WHY THE TAURIKO

TAURANGA BUBBLE

WORKS

Tauriko has been one of the region’s most successful industrial parks and is

a core reason for Tauranga’s strong record over recent years in attracting the

likes of Jenkins Freshpac Systems and Brother Printers NZ to the Bay.

By DAVID PORTER

A

key recent example is

the decision early this

year by Fletcher Building

to relocate its state-of-theart

new Winstone Wallboards

plasterboard facility to Tauriko

– bringing a $400 million

investment boost for the

Bay. Fletcher Building chief

executive Ross Taylor said at

the time: “Our current site in

Onehunga, Central Auckland

is land-locked, which has prevented

us from expanding our

operations and improving efficiencies

by consolidating manufacturing

and distribution on

the same site.”

The new Tauriko site was

double the size and would

allow for further capacity

growth, he said.

Nigel Tutt, chief executive

of Priority One, which

worked with the company to

help bring it to Tauranga, said

Fletchers needed to move the

plant from Auckland. And the

Tauranga port had a lot to with

the decision.

“They import a large

amount of gypsum and Tauriko

was the best choice for their logistics

set up,” he said. “If you

import or export stuff and your

main markets are Auckland or

the upper North Island, Tauriko

works well, especially for

any logistics or distribution.”

But while Tauriko remains

busy, it now needs local infrastructure

developments to

catch up in order to continue

fulfilling its potential, as Bryce

Donne, director of primary site

developer Element IMF explains

in the following pages.

However, it’s important to

note, remarks major Tauriko

realtor, Philip Hunt of Ray

White Commercial, that Tauriko

benefits from what he calls

the “Tauranga bubble” centred

around the Port of Tauranga.

As a result of proximity to the

port, importers and exporters

of all sizes can ensure ready

access to material imports and

to destinations both nationally

and globally, he says.

Continuing growth

despite Covid-19

Above: Growing fast: Road Safe Traffic Management’s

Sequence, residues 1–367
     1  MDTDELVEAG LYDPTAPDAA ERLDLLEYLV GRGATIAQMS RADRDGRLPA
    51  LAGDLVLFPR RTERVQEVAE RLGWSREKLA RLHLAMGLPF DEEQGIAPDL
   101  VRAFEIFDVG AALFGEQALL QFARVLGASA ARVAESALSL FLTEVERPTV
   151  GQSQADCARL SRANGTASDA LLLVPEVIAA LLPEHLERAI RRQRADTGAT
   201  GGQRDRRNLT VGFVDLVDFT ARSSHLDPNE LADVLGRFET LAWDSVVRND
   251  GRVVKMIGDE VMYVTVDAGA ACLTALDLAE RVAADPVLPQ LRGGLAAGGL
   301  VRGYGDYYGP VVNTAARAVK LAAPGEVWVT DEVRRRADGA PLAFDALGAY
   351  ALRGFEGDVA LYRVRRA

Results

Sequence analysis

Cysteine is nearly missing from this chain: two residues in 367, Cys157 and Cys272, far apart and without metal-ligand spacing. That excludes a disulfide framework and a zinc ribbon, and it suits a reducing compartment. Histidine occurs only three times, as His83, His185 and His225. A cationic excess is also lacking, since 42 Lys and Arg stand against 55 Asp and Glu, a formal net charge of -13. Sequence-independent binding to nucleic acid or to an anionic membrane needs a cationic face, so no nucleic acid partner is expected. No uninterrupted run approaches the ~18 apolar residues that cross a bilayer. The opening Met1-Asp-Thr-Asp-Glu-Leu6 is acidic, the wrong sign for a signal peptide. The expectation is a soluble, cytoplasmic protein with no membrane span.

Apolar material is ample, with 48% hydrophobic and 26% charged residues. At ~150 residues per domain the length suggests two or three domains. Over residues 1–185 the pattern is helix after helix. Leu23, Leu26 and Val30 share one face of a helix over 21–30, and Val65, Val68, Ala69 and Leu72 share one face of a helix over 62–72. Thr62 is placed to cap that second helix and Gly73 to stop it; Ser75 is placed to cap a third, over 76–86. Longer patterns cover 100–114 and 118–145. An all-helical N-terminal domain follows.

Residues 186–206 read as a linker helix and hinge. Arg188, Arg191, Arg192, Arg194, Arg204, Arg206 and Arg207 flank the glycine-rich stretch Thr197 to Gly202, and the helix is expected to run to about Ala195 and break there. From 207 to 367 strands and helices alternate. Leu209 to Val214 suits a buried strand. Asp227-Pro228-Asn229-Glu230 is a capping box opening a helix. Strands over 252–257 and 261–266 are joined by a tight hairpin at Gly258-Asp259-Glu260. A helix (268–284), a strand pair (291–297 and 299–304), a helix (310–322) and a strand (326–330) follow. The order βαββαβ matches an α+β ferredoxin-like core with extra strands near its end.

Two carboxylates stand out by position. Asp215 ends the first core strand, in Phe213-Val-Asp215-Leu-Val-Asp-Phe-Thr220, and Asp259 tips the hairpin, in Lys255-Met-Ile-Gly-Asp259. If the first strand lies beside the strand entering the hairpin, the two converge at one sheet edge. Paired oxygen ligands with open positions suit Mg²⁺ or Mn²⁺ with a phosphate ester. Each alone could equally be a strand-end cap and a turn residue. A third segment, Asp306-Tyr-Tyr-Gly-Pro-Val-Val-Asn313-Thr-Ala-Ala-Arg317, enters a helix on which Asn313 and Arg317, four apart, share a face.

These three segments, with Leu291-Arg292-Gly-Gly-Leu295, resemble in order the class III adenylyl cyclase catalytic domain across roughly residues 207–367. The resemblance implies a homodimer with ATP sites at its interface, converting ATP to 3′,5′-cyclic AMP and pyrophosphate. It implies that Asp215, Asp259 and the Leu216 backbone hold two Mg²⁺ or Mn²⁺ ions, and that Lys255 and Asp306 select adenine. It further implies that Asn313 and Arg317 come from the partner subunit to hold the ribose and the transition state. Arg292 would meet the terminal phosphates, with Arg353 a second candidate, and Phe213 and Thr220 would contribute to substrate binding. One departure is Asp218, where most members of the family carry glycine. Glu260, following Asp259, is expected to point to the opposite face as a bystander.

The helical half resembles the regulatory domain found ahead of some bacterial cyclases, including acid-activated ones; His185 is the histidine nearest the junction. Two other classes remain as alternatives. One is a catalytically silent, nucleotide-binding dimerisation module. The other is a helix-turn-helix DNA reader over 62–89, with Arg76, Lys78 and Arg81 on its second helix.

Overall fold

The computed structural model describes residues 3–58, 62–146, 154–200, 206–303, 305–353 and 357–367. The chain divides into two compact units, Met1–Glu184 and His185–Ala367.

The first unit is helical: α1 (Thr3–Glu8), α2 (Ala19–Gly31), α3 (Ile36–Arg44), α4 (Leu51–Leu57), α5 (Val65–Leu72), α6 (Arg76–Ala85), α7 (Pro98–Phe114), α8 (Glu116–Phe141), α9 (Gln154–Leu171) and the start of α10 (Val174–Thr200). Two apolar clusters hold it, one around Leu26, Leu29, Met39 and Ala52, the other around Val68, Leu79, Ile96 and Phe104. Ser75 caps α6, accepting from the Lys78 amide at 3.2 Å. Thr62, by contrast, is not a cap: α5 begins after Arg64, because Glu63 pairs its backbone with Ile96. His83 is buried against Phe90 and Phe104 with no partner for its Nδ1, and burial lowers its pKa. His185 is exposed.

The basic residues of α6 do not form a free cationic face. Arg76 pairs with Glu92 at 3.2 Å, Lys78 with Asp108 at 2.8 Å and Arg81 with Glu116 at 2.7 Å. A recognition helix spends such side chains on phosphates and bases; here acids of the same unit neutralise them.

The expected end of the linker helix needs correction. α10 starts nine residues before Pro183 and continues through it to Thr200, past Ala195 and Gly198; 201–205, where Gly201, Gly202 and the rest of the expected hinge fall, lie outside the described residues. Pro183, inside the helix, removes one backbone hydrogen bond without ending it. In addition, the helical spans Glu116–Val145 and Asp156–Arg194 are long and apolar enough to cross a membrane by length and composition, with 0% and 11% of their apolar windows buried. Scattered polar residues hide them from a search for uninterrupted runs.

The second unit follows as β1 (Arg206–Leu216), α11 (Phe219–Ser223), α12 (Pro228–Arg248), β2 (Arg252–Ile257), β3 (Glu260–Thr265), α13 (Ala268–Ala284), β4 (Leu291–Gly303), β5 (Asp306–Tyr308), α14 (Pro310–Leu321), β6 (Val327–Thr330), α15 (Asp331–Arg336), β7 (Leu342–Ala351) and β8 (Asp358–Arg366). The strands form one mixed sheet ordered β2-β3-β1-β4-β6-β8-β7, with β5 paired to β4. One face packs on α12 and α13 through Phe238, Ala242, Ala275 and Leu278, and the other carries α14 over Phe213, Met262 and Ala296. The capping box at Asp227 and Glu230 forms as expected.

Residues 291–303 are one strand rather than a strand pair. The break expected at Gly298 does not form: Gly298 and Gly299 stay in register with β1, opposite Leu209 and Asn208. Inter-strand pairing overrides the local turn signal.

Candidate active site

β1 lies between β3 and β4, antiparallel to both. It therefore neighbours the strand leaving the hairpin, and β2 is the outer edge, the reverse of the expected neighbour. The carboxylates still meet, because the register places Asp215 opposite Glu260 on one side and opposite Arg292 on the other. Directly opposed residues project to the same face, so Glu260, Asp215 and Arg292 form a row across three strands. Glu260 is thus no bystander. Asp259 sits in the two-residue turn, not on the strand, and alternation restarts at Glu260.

Tauriko team.

Left: Road Safe Traffic Management’s Logan Dawson

with partner and office manager Greta Drummond.

Photos/Supplied.

Perhaps the most interesting

aspect of Tauriko’s continuing

development success during

a period when the country is

dealing with the ongoing impact

of Covid-19, is that companies

aren’t wanting to end

leases because they are having

to close down, but because

they are growing and optimistic,

said Hunt.

“These companies that are

expanding are in many cases

new, with young people running

them,” he said. “It’s exciting

and encouraging.

Logan Dawson started

Road Safe Traffic

Management in 2016 out of

a garage and home office

with one vehicle. He now has

offices in Whakatane

and Rotorua, and around

50 staff, 16 trucks and 16 utes.

“We do everything that

happens on a road,” said Dawson.

The company provides

safe compliant spaces for

roadworks – anything from

tree felling and road resealing,

to event parking control.

It is sometimes known as the

“cone” company. He added

that the company sources

thousands of cones a year, and

could lose 20 percent or so a

year to wastage.

The company started off

in Tauriko’s Paerangi Place

with around 400 sqm and recently

relocated to much larger

premises through Ray White

in Whakakahe St. “That has

given us better office space

and more building yard space,”

said Dawson.

Continued on page 12


12 BAY OF PLENTY BUSINESS NEWS October/November 2020

SPECIAL FEATURE –

TAURIKO BUSINESS ESTATE

WHY THE TAURIKO TAURANGA

BUBBLE WORKS

Continued from page 11

Chris Copping started his

business Cars and Commercials

from home four-and-ahalf

years ago and has now

changed premises a couple of

times since moving to Tauriko,

moving on as larger premises

have become available. He is

now in Rakiraki Way.

The company specialises in

bringing in good used stock out

of Japan. “We’re competing in

a market that has had quite a

strong European presence and

we stick to stuff that is a bit

different,” said Copping.

He added that given the

abundance of car companies

in downtown Tauranga and the

Mount, Tauriko made sense as

a location, and given its strong

online presence the company

could be easily found.

Chris Copping: Forget about outside influences and

absolutely back yourself. Photo/Supplied

Strategically Tauriko is a well-located prime

place, connects with Waikato and has a fairly

direct route to the port – it’s a great place to

be.” – Matt Cowley

Being on the outskirts of town

worked better for out-of-town

buyers as well.

“You need to forget about

doom and gloom and forget

about external influences, like

Covid-19,” said Copping.

“I sat down and looked at

what data was available to me

after four years and enquiries

were still strong. Business is

like anything - you get out of

it what you’re prepared to put

in. You’ve got to put the hours

in and you have to absolutely

back yourself because no one

else will.”

Matt Cowley, chief executive

of the Tauranga Chamber

of Commerce, said that

anecdotally he had heard of a

number of business that had

relocated from other areas to

Tauriko to be able to future

proof their development.

“Strategically Tauriko is a

well-located prime place, connects

with Waikato and has a